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Kees Neggers

Kees Neggers
Kees Neggers in 2003
Born Cornelis Adrianus Maria Neggers
(1947-07-20) July 20, 1947
Breda, Netherlands
Nationality Netherlands
Institutions University of Groningen
Catholic University of Nijmegen
Alma mater Eindhoven University of Technology
Notable awards Dutch ICT Personality of the Year (2002)
Officer of the Order of Orange-Nassau (2012)
Inductee Internet Hall of Fame (2013)

Cornelis Adrianus Maria "Kees" Neggers (born July 20, 1947) is a Dutch Internet pioneer. He is best known for starting and promoting a large number of initiatives for international collaboration in research and education networking.


  • Education and early career 1
  • SURFnet and international activities 2
  • Awards 3
  • References 4

Education and early career

Neggers was born in [2]

SURFnet and international activities

In 1984-1985, Boudewijn Nederkoorn, Director of the Computing Centre at the Catholic University of Nijmegen, and Kees Neggers were among a few dozen members of the academic and ICT community in the Netherlands preparing a multi-annual plan for computer services by scientific education and research.[3] This led to the creation of the SURF Foundation in May 1987 and the incorporation of the company SURFnet BV in January 1989. A year earlier, on 1 January 1988, Nederkoorn and Neggers were appointed Co-Directors of SURFnet.[4]

On 13 June 1986, Neggers was present when Réseaux Associés pour la Recherche Européenne (RARE), the European association of national research and education networks, was incorporated in Amsterdam. He served as Treasurer of the association until 1990, as vice-president from 1990 until 1992, and as president from 1992 until the European Academic and Research Network (EARN) association was merged with RARE and RARE changed its name to TERENA on 20 October 1994.[5][6][7][8][9] He joined the TERENA Executive Committee again as Vice-President for Services from 1997 until 1999, and as Vice-President Technical Programme from 1999 until 2001.[10][11]

In November 1987 Neggers participated in the first meeting of the Co-ordinating Committee for Intercontinental Research Networking (CCIRN), which was held in Washington, D.C.. He was appointed by RARE as the European CCIRN co-chair in 1988 and continued in that position until the final full CCIRN meeting in Reykjavík in 2011.[12]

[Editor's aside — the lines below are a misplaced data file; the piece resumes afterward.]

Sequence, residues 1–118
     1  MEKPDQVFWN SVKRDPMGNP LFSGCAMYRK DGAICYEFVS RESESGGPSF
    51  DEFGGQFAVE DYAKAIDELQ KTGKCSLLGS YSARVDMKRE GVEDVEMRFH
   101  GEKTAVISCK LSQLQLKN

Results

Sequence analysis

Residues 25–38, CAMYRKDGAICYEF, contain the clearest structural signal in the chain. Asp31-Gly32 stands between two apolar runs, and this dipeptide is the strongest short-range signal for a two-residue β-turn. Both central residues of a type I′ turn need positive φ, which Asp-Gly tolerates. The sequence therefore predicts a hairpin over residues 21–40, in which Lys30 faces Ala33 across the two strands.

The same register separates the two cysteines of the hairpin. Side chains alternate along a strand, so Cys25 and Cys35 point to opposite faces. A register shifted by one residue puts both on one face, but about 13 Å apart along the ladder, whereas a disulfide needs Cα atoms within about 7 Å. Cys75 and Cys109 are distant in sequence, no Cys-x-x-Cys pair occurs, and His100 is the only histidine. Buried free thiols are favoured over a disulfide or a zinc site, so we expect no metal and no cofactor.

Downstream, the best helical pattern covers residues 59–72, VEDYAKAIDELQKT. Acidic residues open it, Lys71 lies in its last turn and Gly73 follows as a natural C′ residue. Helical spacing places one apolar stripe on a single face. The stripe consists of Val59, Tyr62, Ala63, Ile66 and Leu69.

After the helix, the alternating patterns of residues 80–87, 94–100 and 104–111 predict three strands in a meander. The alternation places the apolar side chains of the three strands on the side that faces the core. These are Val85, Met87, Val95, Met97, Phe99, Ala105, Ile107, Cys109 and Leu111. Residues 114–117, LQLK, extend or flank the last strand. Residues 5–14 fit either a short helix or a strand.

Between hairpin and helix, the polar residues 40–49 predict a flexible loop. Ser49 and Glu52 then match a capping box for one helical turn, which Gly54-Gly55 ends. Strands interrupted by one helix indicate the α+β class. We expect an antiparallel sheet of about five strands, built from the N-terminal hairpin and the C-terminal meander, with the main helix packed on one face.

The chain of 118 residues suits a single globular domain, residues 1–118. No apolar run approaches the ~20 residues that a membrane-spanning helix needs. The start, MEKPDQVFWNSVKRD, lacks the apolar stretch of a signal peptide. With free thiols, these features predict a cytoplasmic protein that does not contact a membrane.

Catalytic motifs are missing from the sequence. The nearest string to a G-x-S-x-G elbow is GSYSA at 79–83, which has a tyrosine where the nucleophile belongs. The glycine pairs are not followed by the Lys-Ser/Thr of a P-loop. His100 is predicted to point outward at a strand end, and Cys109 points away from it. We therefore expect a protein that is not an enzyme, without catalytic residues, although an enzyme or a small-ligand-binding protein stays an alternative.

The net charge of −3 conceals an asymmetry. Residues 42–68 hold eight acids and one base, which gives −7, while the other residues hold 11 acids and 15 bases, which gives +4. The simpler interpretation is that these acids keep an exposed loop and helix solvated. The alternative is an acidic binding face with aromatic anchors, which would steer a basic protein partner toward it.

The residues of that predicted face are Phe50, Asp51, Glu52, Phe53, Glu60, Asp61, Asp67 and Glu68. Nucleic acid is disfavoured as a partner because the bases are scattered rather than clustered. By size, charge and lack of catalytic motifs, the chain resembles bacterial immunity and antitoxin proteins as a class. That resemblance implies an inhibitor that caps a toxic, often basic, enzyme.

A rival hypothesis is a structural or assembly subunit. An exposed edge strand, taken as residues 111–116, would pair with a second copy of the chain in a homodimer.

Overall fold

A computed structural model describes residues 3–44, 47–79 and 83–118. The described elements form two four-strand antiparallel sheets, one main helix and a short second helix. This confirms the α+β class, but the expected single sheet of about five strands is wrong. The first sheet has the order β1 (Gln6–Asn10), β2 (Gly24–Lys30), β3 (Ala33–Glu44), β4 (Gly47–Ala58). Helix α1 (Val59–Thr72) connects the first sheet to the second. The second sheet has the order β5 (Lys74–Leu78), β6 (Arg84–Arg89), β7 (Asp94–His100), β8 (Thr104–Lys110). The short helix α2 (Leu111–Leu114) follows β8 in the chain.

In the 1980s the need to choose between the OSI protocols and the Internet Protocol (IP) became the subject of a long-lasting controversy, but by the early 1990s IP became the dominant protocol in data networking. In 1991, Neggers was one of the people leading the initiative to create a project called Ebone as an interim solution while the European research networking community made the transition from OSI to IP.[13][14]

Neggers represented RARE as a Founding Member of the

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In 2002, Boudewijn Nederkoorn and Kees Neggers were jointly elected ICT Personality of the Year by the Dutch ICT-Office.[21] On his retirement from SURFnet in 2012, Kees Neggers was appointed Officer of the Order of Orange-Nassau.[22] He was inducted into the Internet Hall of Fame in August 2013.[23]


In July 2012, Neggers retired from his position at SURFnet, but continued as a strategic advisor to the SURF Foundation and as one of the Dutch representatives in the e-Infrastructure Reflection Group.[19][20] In July 2014, Neggers took up the job as director of SURF.

initiative since its inception in 2003. GLORIAD the GLIF Open Lightpath Exchange (GOLE) in Amsterdam, and represented SURFnet in the [18] He was one of the initiators of the creation of NetherLight,[17] Neggers was one of the organisers of first Annual Global LambdaGrid Workshop, which was held in

He took an active part in the creation of the [2]

The Réseaux IP Européens Network Coordination Centre (RIPE NCC) was created by RARE in 1992. As TERENA's Vice-President for Services, Neggers played a major role in splitting off the service and setting up the RIPE NCC as an independent association, incorporated in November 1997. He served as a TERENA-appointed member of the Board of the RIPE NCC in 1998-1999, and as Chair of the Executive Board from 2000 until 2008.[16]


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